If you have a loved one living at home with you who has a serious mental illness, you will likely have times together as a family when illness symptoms flare and lead to a crisis situation that is tumultuous at least and tragic at worst.
Our son had his first psychotic break 23 years ago when he was a freshman in college . Except for a few months in the beginning years of his illness, he has lived at home with his dad and me since then.
In support of families dealing with a loved one with mental illness crises at their homes, I want pass along to you practices that we have learned as a family to do. These practices have kept us alive and going forward together, and minimized the suffering for all.
The conceptual framework that I use to hold our practices is a triangle.
A triangle structure predictive of escalated and serious outcomes in crises in a home has these 3 legs :
1. proximity opportunity and access to things that could be used a weapon2. family member with serious mental illness experiencing illness symptoms which can have a level of emotion that is disinhibiting , driven and impulsive –symptoms such as : paranoia, delusions, and confused thinking3. person / persons present in the home for the loved one in crisis to outlet his/ her intolerable internal distress ontoIf you take away even one leg of the triangle described above, the level of violence is de-escalated, and tragedy is diminished.
Family members have some control over legs 1 and 3 of the this potentially explosive situation and thus hold a key to greatly weakening/ diminishing the probability of injury .
As parents, here is how we addressed leg 1 of the triangle:
We began to look at anything in our home that could be used as weapon and remove it far enough out of sight and impulsive reach. For example, we got rid of our knife block on the counter and moved our knives into a holder in a drawer. We vigilantly put any tools like hammers etc. that were being used in house fix it projects away after use.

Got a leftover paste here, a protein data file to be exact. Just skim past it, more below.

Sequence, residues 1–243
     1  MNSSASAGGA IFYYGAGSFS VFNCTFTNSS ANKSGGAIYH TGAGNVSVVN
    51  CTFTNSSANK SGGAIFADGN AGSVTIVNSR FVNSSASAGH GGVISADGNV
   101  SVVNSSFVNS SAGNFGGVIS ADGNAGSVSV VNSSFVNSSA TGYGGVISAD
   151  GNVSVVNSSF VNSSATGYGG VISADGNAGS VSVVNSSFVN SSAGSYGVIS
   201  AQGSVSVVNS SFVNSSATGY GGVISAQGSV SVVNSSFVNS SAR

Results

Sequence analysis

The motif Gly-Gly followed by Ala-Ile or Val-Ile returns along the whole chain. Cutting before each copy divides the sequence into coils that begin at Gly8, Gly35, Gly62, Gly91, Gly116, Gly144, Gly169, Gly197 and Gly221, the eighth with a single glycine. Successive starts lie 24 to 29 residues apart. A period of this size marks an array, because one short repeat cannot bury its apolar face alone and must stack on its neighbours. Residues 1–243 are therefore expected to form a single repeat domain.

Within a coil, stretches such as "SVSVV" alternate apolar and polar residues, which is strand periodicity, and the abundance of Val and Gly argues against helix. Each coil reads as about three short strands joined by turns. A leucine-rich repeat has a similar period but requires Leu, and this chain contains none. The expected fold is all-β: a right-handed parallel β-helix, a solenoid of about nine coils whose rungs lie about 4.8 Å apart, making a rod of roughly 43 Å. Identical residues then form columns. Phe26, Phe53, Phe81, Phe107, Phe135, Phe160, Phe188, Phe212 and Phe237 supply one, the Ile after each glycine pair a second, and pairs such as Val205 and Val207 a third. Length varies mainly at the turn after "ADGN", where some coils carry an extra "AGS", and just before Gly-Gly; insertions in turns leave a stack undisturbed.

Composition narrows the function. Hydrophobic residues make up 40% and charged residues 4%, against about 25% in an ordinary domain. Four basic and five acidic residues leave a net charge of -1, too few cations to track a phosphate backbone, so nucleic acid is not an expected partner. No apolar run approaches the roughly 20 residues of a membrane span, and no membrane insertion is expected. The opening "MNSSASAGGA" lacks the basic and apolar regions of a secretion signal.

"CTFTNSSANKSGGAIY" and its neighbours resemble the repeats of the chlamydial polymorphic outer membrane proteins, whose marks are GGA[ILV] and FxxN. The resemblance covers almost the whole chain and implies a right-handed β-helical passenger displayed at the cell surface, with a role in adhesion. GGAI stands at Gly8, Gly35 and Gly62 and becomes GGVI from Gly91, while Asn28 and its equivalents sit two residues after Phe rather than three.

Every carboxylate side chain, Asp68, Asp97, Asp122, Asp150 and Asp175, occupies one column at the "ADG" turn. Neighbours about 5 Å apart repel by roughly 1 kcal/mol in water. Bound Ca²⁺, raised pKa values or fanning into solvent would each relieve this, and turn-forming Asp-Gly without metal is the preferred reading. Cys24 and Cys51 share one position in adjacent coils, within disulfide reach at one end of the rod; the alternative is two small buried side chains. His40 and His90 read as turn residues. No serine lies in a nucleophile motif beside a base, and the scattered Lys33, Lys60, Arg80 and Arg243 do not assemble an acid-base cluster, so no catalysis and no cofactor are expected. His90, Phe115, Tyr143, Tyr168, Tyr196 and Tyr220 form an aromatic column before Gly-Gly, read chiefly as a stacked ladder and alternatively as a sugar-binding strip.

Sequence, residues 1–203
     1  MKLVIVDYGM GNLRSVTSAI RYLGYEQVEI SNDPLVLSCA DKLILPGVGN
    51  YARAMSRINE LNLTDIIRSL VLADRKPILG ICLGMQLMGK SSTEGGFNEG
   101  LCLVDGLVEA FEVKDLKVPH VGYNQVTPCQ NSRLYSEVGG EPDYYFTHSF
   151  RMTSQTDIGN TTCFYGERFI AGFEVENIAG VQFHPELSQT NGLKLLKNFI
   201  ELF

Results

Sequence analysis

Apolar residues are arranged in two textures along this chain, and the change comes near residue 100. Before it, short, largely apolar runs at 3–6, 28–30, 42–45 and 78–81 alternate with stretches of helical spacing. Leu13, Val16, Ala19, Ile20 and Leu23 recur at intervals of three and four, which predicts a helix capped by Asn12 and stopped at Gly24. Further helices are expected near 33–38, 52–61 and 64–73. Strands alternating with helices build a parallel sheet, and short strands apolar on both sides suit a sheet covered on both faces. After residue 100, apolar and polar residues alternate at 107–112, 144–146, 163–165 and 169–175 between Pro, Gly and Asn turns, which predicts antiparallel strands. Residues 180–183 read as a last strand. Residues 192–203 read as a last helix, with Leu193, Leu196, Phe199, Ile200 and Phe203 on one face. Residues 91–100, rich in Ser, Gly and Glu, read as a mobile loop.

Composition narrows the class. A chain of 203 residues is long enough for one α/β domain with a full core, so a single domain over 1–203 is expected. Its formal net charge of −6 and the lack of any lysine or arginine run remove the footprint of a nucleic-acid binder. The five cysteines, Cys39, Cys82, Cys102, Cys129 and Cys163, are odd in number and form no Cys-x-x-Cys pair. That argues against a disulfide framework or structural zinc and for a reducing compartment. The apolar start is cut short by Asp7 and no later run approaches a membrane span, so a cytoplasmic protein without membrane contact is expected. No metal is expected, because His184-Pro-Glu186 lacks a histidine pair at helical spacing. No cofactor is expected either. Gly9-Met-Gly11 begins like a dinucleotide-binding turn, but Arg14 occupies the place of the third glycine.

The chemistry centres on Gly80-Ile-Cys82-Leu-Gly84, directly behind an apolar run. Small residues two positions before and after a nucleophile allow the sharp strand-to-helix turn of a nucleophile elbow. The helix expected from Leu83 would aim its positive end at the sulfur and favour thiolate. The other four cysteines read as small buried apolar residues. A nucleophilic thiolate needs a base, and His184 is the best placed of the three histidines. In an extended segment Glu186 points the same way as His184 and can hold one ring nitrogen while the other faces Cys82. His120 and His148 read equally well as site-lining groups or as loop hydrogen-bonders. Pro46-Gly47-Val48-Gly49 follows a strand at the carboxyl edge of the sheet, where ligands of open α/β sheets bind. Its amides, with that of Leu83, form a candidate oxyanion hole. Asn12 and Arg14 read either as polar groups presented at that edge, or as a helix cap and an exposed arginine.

As parents, here is how we addressed leg 3 of the triangle:
We left the house as soon as serious symptoms began flaring and our son began using threatening words. When we first began this practice, we verbalized to our son the following: We are so sorry not feeling well, you are having serious illness symptoms, your words are threatening and your behavior is not safe. Use one of your cool down strategies. You can calm yourself down. We believe in you. We love you always. Call us when your mind has cleared and it is safe for us to come home . When we realized that verbal input was way too much for him, we transitioned to just leaving the house quietly, and leaving a written note with the same basic messages- then off we’d go to Denny’s all hours of the night!
In essence before we left, we administered what I call family CPR. Some of this guidance I learned from our son by seeking and listening to his direct feedback when he was not symptomatic and his mind was clear, and by being attentive to his reactions .
Direct family education about practices such as our family uses is a proactive and preventative step that could make a critical difference in outcomes for family and for their loved ones who suffer with a serious mental illness. It shouldn’t take a great deal of funding, but it could have a huge positive impact.
peace and goodwill
Nancy Pizzo Boucher
This piece is a gift from Replanting Lives author Nancy Pizzo Boucher